Yale Daily News

Friday marks the start of La Casa Cultural de Julia de Burgos’ — Yale’s Latine cultural center — programming in honor of Latine Heritage Month. 

Latine Heritage Month stretches from Sept. 15 to Oct. 15. La Casa’s programming throughout the month will consist of six events coordinated by La Casa’s staff and six collaborative events run by various Latine student organizations. 

Eileen Galvez, assistant dean of Yale College and director of La Casa, told the News that La Casa’s upcoming programming is meant to celebrate Latine Heritage Month, rather than the federal holiday designation of Hispanic Heritage Month. 

“If we go with Hispanic heritage, what are we saying about Brazilians? What are we saying about Haitian communities?” she said. “[We want] to actually be inclusive of all communities within Latin America and not just who speaks a specific language.” 

One of La Casa’s signature events during this month is the Latine Retreat, which will take place Sept. 16. 

The annual retreat, held at the Yale Outdoor Education Center, has historically been Yale’s largest annual gathering of Latine undergraduate, graduate and professional students, according to La Casa leaders. 

“[The retreat] really shows that Latine students at Yale are here,” Galvez said. “They are part of all the schools. They are part of all the residential colleges … it’s something special to be among such a community and say we’re coming together and we’re taking up this space.” 

This year, La Casa staff said they are aiming to increase graduate and professional school students’ attendance at the center’s events, including the retreat, which have been dominated by undergraduates in past years. 

Katy Maldonado Dominguez GRD ’25, head graduate assistant at La Casa, noted that the center will now allow graduate and professional school students to have the option to drive themselves and bring their spouses and family members to the retreat. Moreover, La Casa has conducted additional outreach to graduate and professional school students as compared to previous years. Maldonado Dominguez said these changes led graduate and professional school student registration for the retreat to increase from approximately 15 in 2022 to 44 this year.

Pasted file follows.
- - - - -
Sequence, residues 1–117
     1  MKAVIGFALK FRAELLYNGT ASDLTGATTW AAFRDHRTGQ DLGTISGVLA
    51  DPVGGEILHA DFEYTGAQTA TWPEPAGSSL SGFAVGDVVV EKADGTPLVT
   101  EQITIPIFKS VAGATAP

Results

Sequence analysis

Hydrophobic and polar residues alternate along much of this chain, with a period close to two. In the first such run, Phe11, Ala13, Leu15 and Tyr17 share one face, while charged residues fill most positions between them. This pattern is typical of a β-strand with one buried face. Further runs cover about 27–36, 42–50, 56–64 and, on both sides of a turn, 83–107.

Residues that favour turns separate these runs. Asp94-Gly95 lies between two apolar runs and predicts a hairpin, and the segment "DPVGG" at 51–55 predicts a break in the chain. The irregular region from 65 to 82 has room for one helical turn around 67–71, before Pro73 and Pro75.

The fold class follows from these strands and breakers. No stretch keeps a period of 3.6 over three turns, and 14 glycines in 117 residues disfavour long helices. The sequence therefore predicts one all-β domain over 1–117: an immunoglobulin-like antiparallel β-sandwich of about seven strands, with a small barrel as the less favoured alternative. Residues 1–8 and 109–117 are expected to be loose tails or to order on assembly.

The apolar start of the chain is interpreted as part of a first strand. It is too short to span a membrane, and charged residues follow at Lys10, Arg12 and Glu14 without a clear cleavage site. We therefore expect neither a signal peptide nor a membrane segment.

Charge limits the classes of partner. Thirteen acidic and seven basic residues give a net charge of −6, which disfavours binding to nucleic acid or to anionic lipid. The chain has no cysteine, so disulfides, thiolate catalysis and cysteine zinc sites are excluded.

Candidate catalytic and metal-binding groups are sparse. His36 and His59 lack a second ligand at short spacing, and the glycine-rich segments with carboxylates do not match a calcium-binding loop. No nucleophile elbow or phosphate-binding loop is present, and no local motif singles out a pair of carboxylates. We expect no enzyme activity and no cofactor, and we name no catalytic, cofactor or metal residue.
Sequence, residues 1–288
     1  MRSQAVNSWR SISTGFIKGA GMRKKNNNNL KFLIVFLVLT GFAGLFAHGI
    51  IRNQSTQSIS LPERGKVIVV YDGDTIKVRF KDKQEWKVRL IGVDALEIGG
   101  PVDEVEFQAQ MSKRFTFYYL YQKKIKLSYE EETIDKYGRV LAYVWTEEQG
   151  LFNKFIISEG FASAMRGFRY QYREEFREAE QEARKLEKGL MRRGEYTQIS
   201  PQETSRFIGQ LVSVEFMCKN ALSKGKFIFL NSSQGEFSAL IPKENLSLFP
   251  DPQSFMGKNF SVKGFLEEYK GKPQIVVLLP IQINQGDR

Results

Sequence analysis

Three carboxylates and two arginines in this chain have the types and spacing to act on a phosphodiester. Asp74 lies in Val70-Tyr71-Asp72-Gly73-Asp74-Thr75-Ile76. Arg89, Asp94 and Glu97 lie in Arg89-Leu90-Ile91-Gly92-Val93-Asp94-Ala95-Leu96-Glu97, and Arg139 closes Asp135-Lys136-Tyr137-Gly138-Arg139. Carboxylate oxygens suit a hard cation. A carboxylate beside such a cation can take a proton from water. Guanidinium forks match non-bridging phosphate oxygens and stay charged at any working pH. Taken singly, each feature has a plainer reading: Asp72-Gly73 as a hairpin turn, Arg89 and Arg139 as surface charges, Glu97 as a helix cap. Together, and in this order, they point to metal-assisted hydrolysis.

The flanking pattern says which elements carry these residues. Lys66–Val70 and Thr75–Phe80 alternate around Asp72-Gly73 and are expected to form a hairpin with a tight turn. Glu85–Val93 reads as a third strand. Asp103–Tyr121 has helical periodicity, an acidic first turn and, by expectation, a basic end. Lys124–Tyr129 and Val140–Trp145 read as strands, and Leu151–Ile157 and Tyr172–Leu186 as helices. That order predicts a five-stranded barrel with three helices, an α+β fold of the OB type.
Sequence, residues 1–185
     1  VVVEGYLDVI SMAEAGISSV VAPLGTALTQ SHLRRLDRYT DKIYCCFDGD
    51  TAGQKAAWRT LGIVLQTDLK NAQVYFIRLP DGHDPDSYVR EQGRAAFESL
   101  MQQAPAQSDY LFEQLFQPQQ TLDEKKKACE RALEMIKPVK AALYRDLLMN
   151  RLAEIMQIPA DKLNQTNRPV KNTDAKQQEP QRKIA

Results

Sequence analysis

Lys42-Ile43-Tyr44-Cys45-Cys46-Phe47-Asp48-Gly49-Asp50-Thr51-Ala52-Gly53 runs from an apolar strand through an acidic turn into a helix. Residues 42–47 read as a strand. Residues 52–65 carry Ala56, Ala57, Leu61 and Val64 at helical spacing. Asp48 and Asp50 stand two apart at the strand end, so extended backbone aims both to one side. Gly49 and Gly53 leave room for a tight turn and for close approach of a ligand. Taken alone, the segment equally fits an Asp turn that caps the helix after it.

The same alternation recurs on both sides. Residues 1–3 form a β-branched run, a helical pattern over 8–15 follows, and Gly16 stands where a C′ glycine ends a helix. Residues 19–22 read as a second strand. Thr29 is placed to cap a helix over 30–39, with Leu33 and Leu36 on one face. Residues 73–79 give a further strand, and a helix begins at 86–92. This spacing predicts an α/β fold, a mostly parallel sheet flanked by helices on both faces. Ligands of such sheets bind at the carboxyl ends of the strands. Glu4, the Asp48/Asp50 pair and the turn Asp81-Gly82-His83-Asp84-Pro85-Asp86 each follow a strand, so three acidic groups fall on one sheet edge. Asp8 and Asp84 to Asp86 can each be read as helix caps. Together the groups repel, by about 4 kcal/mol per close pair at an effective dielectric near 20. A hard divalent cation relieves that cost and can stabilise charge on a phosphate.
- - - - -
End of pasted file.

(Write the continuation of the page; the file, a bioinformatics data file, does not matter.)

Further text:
“The option to have family, but also drive themselves to the location, is something that is more in response to graduate students’ needs that I don’t think was there before,” Maldonado Dominguez said. “I’m sure that it feels a little awkward to go on a bus with students that are probably half your age. So I think [having] the emotional support of their family or their partners is helpful.”

Additionally, La Casa will be hosting a keynote speaker event in honor of Latine Heritage Month on Sept. 22. Speaker Lourdes Rivera ’87 LAW ’90, president of Pregnancy Justice, will discuss reproductive oppression of Puerto Ricans and other Latines in the past and present.